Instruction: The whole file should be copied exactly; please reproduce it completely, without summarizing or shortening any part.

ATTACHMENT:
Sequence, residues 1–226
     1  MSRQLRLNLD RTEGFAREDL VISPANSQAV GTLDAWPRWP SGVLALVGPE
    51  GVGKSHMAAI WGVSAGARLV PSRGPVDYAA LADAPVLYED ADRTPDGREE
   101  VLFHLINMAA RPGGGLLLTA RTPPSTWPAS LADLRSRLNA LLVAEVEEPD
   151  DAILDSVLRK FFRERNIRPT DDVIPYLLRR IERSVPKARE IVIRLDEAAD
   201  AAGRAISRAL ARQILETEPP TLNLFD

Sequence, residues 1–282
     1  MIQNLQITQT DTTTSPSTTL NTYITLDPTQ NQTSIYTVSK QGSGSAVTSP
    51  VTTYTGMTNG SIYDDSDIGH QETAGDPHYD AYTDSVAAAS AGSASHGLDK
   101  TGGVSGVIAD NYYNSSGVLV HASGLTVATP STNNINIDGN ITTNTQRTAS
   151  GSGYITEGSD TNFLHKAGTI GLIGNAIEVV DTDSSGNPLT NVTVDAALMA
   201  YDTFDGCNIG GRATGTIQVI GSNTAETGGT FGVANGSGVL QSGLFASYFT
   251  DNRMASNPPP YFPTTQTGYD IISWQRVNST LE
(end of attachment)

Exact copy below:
Sequence, residues 1–226
     1  MSRQLRLNLD RTEGFAREDL VISPANSQAV GTLDAWPRWP SGVLALVGPE
    51  GVGKSHMAAI WGVSAGARLV PSRGPVDYAA LADAPVLYED ADRTPDGREE
   101  VLFHLINMAA RPGGGLLLTA RTPPSTWPAS LADLRSRLNA LLVAEVEEPD
   151  DAILDSVLRK FFRERNIRPT DDVIPYLLRR IERSVPKARE IVIRLDEAAD
   201  AAGRAISRAL ARQILETEPP TLNLFD

Sequence, residues 1–282
     1  MIQNLQITQT DTTTSPSTTL NTYITLDPTQ NQTSIYTVSK QGSGSAVTSP
    51  VTTYTGMTNG SIYDDSDIGH QETAGDPHYD AYTDSVAAAS AGSASHGLDK
   101  TGGVSGVIAD NYYNSSGVLV HASGLTVATP STNNINIDGN ITTNTQRTAS
   151  GSGYITEGSD TNFLHKAGTI GLIGNAIEVV DTDSSGNPLT NVTVDAALMA
   201  YDTFDGCNIG GRATGTIQVI GSNTAETGGT FGVANGSGVL QSGLFASYFT
   251  DNRMASNPPP YFPTTQTGYD IISWQRVNST LE